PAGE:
Though Mohammed Saleh rarely misses an election, he voted in his first municipal primary Tuesday.
Standing outside the Keene Middle School — the Ward 3 polling place — in the midday sun, Saleh said a charged national and international political environment compelled him to turn out.
“I usually always vote, but this is the first time (at) the primary of the City Council, because now I think, more than ever, every election matters.”
At the polls Tuesday, some voters cited particular local issues — property taxes, access to social services, the city’s role in combating climate change — that they feel are important this election season.
But mostly they stressed the sense of civic duty that brought them out to vote in a minimally contested local primary.
Only one race — that of City Council at-large, where 11 candidates vied for 10 general-election slots — was contested Tuesday.
When John Croteau voted at the Ward 2 polling place — the parks and recreation building on Washington Street — around 8:40 a.m., he was the ninth person to do so, according to a tally on the electronic ballot reader, he said.
“I want to try and make sure that the right people get into office, and I think there’s some people that run for office that just do it to disrupt the system,” he said.
Tom Cook, a film professor at Keene State College, said he wanted to support the several City Council candidates he knows personally. But he said he votes in city primaries regularly.
“One of the first things I ask people, if they’re complaining about what’s going on with government, is, ‘Did you vote?’ ” he said. “And if they didn’t, my feeling is, then you’ve got nothing to say about it.”
Walking briskly out of Symonds Elementary School on Park Avenue, the Ward 4 polling place, later in the day, Keene Police Chief Steven Russo put it more concisely: “I think that we should all vote.”
Apparently, many Keene residents felt differently.
Five percent, or 934, of the city’s 18,384 registered voters cast ballots in Tuesday’s primary.
The numbers mirrored those of 2013, when the city’s primary was also limited to an 11-way at-large council race. Six percent of voters turned out that year.
In 2015, with 16 candidates running in the at-large primary and contested races for two ward council seats and the mayor’s office, turnout reached 11 percent.
The two previous municipal election cycles, 2011 and 2009, held primaries with no contested races. Both saw 3 percent turnout.
Mary Fay, the Ward 5 moderator, said older voters tend to be the ones who show up to city elections.
As for younger demographics, often, “they choose not to represent themselves,” she said.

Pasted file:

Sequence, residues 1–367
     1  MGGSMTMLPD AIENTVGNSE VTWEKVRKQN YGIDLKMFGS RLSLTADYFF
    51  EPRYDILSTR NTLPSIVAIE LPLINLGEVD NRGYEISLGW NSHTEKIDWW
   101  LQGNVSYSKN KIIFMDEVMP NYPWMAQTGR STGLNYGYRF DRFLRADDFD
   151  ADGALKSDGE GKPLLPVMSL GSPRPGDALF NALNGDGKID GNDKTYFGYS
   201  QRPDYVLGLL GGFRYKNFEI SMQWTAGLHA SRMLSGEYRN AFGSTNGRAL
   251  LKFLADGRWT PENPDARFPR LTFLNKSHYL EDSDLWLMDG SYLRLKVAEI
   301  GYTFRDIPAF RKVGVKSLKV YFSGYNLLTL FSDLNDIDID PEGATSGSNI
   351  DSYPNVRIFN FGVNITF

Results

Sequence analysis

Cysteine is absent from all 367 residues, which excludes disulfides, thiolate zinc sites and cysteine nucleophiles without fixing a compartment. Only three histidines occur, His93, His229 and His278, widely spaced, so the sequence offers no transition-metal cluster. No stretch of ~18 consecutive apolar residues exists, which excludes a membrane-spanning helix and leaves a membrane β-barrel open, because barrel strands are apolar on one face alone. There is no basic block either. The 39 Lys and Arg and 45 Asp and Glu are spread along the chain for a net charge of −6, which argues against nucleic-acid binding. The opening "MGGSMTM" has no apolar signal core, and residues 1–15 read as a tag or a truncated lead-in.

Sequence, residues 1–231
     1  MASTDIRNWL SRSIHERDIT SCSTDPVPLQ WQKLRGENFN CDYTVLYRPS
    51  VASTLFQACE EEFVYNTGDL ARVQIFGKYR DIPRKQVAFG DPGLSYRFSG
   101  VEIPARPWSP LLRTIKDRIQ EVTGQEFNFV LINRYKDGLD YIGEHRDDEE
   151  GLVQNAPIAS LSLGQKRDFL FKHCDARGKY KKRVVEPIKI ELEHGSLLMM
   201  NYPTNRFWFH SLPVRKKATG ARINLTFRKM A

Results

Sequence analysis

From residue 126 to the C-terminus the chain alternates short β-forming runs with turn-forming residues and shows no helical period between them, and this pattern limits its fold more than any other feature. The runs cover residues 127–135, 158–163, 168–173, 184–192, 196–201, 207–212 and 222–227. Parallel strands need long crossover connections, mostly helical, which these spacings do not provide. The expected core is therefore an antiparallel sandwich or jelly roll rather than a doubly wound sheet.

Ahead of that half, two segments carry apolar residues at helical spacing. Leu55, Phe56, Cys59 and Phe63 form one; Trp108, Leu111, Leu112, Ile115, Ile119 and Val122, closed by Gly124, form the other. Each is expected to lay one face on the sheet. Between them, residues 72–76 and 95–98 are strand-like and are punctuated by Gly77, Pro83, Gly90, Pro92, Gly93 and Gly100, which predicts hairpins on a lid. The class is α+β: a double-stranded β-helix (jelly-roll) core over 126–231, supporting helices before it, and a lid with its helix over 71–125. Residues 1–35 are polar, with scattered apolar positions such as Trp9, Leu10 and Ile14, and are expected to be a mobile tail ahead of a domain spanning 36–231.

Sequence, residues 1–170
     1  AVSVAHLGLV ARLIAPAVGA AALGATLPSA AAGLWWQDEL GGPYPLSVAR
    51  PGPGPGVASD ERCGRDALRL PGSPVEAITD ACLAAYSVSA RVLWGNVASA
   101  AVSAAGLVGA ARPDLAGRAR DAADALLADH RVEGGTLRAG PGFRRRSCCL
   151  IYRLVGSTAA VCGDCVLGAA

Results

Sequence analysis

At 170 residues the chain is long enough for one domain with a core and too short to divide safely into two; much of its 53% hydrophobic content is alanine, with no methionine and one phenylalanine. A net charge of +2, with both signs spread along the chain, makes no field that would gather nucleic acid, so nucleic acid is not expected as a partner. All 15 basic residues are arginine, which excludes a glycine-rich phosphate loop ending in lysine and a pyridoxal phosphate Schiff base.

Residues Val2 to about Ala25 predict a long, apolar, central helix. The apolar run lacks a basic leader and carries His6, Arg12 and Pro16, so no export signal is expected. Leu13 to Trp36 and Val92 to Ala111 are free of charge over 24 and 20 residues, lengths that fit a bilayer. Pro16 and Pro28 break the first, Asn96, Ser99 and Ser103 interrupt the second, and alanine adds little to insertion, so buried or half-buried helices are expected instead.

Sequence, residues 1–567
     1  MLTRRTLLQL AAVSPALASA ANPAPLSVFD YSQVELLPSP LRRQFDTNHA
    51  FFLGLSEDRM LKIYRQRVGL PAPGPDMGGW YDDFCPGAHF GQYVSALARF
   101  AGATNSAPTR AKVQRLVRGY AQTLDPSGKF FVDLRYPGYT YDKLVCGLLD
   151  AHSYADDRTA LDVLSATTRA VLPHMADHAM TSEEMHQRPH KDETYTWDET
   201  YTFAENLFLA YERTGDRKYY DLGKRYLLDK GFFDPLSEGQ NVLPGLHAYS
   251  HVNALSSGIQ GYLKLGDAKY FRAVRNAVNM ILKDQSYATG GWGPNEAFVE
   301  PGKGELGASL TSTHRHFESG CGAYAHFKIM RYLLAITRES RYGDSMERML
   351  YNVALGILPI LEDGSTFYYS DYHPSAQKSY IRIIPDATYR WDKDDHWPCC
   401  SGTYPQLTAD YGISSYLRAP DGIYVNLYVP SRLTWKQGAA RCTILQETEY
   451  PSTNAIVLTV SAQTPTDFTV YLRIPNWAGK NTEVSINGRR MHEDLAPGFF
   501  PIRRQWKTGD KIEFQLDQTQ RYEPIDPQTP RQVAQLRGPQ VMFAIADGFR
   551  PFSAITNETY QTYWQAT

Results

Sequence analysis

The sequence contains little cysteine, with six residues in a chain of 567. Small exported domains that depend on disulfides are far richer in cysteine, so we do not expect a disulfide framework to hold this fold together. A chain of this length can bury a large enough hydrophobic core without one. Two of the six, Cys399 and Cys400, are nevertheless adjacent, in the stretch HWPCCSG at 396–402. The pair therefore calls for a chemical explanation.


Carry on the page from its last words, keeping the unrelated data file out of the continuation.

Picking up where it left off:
William Appleton, 26, didn’t disagree.
“Not a lot of my friends are voting now,” he said Tuesday evening after voting in Ward 5. “But it took me five minutes.”
Appleton, who moved to Keene in the mid-2000s, said he usually votes in municipal elections.
“There’s been a lot of talk about big-level politics, federal politics … but the way I think I can make a change is by voting at a local level.”
Elected officials and candidates, meanwhile, used the opportunity to catch up with constituents and connect with voters in advance of the Nov. 7 general election.
Early Tuesday afternoon, incumbent at-large City Council candidate Gary P. Lamoureux; Maggie Rice, a candidate for the Ward 4 Council seat; and Molly Lane, the wife of Mayor Kendall W. Lane, stood near a NO CAMPAIGNING PAST THIS POINT placard outside Symonds Elementary, toting signs.
“Any time you can use your right to vote and come out and decide, even if it’s for one person, that’s important,” Rice said.
“It’s a little slow right now,” Lamoureux acknowledged. “With primaries, it typically is.”
But even a low-turnout primary like Tuesday’s offers elected officials a chance to converse with constituents, he said.
“The people who I’ve talked to are interactive, they’re actually engaged in what’s going on in the community,” he said.
Around 1:30 p.m., Ward 3 Councilor Terry M. Clark sat outside the Keene Middle School in a camp chair, reading “SPQR: A History of Ancient Rome” by Mary Beard and greeting the occasional constituent who passed by to vote.
“You don’t get to talk to people very often, you know, and this is a time when they talk to you,” he said. “They come up to you, and they ask you a question that they’ve probably been wanting to ask for a year.”
With only one opponent, Michael Giacomo, challenging him in Ward 3, Clark’s seat was not at risk in the primary. But he said Tuesday’s result would nonetheless serve as an important gauge.
“It’s gonna be an indicator, even the uncontested races,” he said. “Me and my opponent, who’s gonna win that race? Who’s gonna come out of it as the viable candidate?”